Family's hope of receiving kin's body from Saudi diminishes as agent vanishes

Ms Miriam Hannah Njeri who died in August under mysterious circumstances while at a deportation facility in Saudi Arabia. Her family has not received her body for burial despite being informed that she died four months ago

Photo credit: Courtesy

A family in Gilgil, Nakuru County, is struggling to bring back the body of a 26-year-old woman who died in unclear circumstances in Saudi Arabia four months ago.

Their pain has been exacerbated because the agent who linked her to a job in the Middle East country cannot be found. 

Miriam Hannah Njeri, from Emburua village, died eleven months after arriving in the kingdom. Her family only learnt about her death in August from the woman’s friend, who is also said to be stranded in Saudi Arabia.

Ms Njeri’s husband, Jackson Karanja, said the friend told him she died under unclear circumstances on August 19 after she reportedly fell from the third floor of a building.

Her lifeless body was found on the floor at a deportation centre where she was being held as she waited to be sent back to Kenya after being mistreated by her boss.

Mr Karanja said he visited the Ministry of Foreign Affairs offices two days after receiving the news and was promised that his wife's remains would be repatriated to Kenya for burial but that has not happened.

He said his frequent visits to the ministry’s offices and his phone calls inquiring about the status of the process had been fruitless, leaving the family devastated and unsure whether they will give their relative a decent burial.

The family says they haven’t received much support from the Foreign Affairs ministry and the Kenyan Embassy in Riyadh, Saudi Arabia.

Mr Karanja said that when he asked the ministry about the status of the matter, he was told that there was a case between the hospital that received the body of Ms Njeri and the deportation facility, thus holding the repatriation process.

He was told that the deportation centre had alleged that Ms Njeri died while receiving treatment, while the hospital indicated she was received at the facility already dead.

On his last visit to the ministry offices on November 17, he said, he was told officials were waiting for another death report from Saudi Arabia before the body could be released.

“I have been a frequent visitor at the ministry offices, but what I am getting is that I should just wait,” Mr Karanja said.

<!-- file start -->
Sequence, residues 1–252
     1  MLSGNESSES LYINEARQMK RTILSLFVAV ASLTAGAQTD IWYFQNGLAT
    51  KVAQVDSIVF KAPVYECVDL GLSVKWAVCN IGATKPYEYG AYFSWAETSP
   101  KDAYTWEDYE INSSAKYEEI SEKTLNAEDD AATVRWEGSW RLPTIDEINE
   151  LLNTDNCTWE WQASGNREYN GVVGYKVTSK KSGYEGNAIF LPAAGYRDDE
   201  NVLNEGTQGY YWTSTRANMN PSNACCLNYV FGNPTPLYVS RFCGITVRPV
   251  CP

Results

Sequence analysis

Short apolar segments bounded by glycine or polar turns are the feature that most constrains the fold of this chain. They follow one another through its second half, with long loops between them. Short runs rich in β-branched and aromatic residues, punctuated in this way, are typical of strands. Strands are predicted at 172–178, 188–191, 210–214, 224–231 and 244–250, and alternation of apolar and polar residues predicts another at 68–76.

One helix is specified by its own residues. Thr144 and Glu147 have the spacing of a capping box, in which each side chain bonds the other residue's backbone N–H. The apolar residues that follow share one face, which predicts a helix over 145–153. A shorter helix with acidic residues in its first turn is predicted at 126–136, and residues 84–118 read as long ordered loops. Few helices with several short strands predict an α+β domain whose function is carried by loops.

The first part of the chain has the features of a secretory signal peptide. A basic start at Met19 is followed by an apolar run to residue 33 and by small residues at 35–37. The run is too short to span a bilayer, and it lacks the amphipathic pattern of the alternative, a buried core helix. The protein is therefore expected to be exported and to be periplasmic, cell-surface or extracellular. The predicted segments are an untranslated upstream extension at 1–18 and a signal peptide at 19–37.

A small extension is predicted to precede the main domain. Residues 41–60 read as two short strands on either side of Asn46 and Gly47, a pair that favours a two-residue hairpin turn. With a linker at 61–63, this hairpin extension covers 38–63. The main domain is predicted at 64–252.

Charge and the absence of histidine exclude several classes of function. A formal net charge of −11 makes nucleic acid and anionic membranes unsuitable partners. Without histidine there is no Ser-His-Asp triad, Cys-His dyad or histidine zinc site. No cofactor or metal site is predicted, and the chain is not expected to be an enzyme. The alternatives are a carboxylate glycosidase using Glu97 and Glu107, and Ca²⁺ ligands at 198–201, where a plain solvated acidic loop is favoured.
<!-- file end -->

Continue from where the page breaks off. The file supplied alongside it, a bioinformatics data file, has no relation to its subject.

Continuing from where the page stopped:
Mr Jackson Karanja the husband of Ms Miriam Hannah Njeri who died under mysterious circumstances while at a deportation facility in Saudi Arabia. 

Photo credit: File | Nation Media Group

“My family is devastated. The children are asking if they will ever bury their mother, but I don’t have answers to their question. I am just hoping that things will work out.

“The deportation centre does not want to accept that she died there because they will be told to cater for all expenses.”

He said the family received a report dated September 1 from a South Arabia forensic medical specialist called Dr Mohamed Abdulaziz Al-Orani that included the results of an autopsy.

Mr Abdulaziz said in his report that a letter he had received from the police showed that the body was found surrounded by copious blood and bleeding from the mouth and nose, with an injury on the forehead and head.

The police report said Ms Njeri was trying to escape from the fourth floor of a building through space that held an air conditioner but she fell and died.

An autopsy report said the cause of her death was “severe congestive decline in the blood and respiratory circulation that led to cardiac and respiratory arrest”.

“We can say that the death of the above mentioned occurred as a result of a fall from a height and the resulting traumatic injury to the head, accompanied by multiple fractures of the skull bones, lacerations in the brain and hemorrhagic strokes in the brain …,” the report said.

Mr Karanja said his wife left Kenya in April last year after attending a three-week training in Thika organised by an agent who was facilitating her trip to the kingdom. She had been convinced by her friends that she would be paid well.

Mr Karanja said his wife was planning to open a business upon returning to Kenya after completing her two-year contract but her dream was cut short by her death.

He said he last spoke with his wife in July, when she requested Sh40,000 to facilitate her return to Kenya, citing mistreatment, lack of food and congestion at the facility where she stayed for one week.

He asked his friends for cash, but his text message inquiring how to send the money to her went answered for two days. He did not suspect foul play and thought that she had run out of data.

“When we last spoke, she just wanted to come back home to see our children. She was not suicidal; nobody has reached out to explain to me what really happened to my wife,” he said.

“I don’t know if she was killed or she took her own life. For now, I just want her body for burial.”

The couple were married for 10 years and were blessed with two children, who are now under the care of their grandmother.